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In a recent op-ed in The New York Times, Russia critic Louise Mensch declared, “Never in American history has a president been suspected of collaborating with a hostile foreign power to win an election.” Mensch, a former British MP-turned-journalist, was a 9-year-old Londoner in 1980, so perhaps she gets a pass for overlooking that year’s U.S. election. Not so for us Yanks of a certain age.
Multiple news stories, political histories, biographies and government officials confirm that during the presidential campaign of 1980, while 52 Americans were being tortured and held prisoner in Tehran, Republican campaign officials and intermediaries secretly reached out to representatives and allies of revolutionary Iran’s government. The GOP back-channel message to Iran was simple: The Iranians would be better off with Ronald Reagan, not Jimmy Carter, in the White House.
...Roger Stone and Paul Manafort, key suspects in Trump’s Russia complications, were fresh-faced foot soldiers in the 1980 Ronald Reagan/GOP presidential campaign. Perhaps they began breaking bad in that campaign’s treacherous undercurrents...
That ugly scenario has eerie parallels to the Trump campaign’s strange interactions with Russia. As yet, we do not know what message the Trump people have delivered to Russia. With the Trump campaign’s Russia connections becoming ever more problematic, and as investigations of them begin, it is instructive to revisit the events of 1980.
The 1980 Republican campaign, especially with its outreach to a sworn adversary, bears uncomfortable similarities to the 2016 Republican campaign. How the several investigations of GOP-Iran contacts were conducted, and how the Reagan administration’s entanglement with Iran only worsened over the course of its eight years in office, raise red flags for us today.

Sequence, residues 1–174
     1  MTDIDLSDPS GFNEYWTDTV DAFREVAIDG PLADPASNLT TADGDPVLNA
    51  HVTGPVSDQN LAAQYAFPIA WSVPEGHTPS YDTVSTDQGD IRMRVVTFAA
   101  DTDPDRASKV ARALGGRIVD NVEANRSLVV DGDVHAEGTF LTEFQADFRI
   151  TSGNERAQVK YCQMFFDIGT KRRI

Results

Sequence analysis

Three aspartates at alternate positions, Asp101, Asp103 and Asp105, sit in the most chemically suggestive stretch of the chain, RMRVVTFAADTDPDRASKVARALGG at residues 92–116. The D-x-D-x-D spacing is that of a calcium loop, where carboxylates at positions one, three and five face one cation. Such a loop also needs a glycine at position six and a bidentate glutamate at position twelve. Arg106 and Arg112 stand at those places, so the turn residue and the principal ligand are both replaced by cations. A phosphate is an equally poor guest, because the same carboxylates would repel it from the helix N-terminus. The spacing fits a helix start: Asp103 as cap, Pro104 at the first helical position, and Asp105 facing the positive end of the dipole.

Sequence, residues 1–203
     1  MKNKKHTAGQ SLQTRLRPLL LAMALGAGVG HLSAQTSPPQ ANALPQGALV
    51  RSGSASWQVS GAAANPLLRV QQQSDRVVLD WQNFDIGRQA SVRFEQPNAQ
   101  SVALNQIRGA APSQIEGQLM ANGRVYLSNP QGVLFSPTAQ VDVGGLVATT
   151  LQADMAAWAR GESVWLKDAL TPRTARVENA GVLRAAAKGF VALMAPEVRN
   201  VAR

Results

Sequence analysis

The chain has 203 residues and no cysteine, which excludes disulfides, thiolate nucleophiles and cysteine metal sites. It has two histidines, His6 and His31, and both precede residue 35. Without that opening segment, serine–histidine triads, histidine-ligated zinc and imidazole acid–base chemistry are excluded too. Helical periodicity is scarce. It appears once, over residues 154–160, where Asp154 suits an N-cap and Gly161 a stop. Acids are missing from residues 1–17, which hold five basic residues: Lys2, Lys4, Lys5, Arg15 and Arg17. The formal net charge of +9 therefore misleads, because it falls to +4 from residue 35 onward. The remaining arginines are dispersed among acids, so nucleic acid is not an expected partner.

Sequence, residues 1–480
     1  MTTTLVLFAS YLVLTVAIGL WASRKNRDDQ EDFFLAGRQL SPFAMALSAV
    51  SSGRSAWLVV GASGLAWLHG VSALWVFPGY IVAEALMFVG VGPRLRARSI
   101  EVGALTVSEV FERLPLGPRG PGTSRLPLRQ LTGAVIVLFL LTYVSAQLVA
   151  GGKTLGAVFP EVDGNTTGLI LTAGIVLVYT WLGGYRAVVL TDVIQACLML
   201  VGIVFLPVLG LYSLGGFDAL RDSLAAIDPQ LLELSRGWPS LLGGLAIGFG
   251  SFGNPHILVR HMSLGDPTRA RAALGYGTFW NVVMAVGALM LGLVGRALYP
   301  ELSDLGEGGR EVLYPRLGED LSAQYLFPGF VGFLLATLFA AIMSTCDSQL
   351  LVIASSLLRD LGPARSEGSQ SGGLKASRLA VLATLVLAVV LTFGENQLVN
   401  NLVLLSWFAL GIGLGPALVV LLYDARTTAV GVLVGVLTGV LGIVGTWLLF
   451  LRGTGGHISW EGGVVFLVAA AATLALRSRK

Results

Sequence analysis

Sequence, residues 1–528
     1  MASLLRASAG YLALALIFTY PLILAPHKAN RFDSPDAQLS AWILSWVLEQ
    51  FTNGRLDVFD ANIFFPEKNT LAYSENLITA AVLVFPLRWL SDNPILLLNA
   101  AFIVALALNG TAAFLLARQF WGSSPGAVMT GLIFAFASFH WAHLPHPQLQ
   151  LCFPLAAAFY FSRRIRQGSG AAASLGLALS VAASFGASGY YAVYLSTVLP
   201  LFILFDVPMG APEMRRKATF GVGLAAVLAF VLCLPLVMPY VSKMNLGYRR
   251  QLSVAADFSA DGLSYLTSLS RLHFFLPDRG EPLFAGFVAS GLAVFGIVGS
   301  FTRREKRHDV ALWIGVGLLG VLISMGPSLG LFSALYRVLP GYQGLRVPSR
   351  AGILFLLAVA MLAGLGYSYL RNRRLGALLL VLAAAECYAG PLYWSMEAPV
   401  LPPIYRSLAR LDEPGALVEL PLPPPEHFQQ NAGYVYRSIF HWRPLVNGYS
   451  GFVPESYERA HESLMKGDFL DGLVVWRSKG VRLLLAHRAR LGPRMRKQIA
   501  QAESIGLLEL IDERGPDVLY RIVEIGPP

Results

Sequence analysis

As it happens, Roger Stone and Paul Manafort, key suspects in Trump’s Russia complications, were fresh-faced foot soldiers in the 1980 Ronald Reagan/GOP presidential campaign. Perhaps they began breaking bad in that campaign’s treacherous undercurrents — chiefly, GOP campaign manager William Casey's obsession with Iran, and his fear that a hostage release might result in Carter’s re-election.
Whatever they learned from watching Casey, Manafort (later Donald Trump’s campaign manager) and Stone would go on to become premier practitioners of the dark arts of politics — notorious in Washington for their dirty tricks and their client lists of unsavory foreign governments and individuals.
Despite that résumé — or perhaps because of it? — Trump decided Manafort was best equipped to see his failing, underdog 2016 campaign through to the White House.
Perhaps not surprisingly, Manafort and Stone would be among those individuals from the Trump campaign who, in an echo of the 1980 campaign’s outreach to hostile Iran, are alleged to have had foul-smelling contacts with officials and intermediaries of hostile Russia. In 1980, GOP campaign manager Casey saw Iran, however toxic, as potentially useful to his campaign. Did 2016 GOP campaign manager Manafort see Russia the same way?
Allegations and evidence of foreign influence in the 1980 election eventually grew strong enough to force two congressional bodies in the 1990s to examine possible cooperation between the GOP and Iran. While the committees decided against a verdict of collusion, they openly acknowledged their findings were inadequate given a lack of resources, the disappearance of key documents, and the Republicans’ failure to cooperate.
In recent years, new evidence has emerged, powerful enough to cause former Congressman Lee Hamilton, the lead committee’s chairman, to publicly question his panel’s conclusions.
What follows are some takeaways and caveats from the 1980 experience:
Had it been conducted fully and properly, the 1980 election investigation might have reduced the likelihood of any future foreign interference or collusion in U.S. elections. But that didn’t happen, and here we are.
This time, let’s do it right.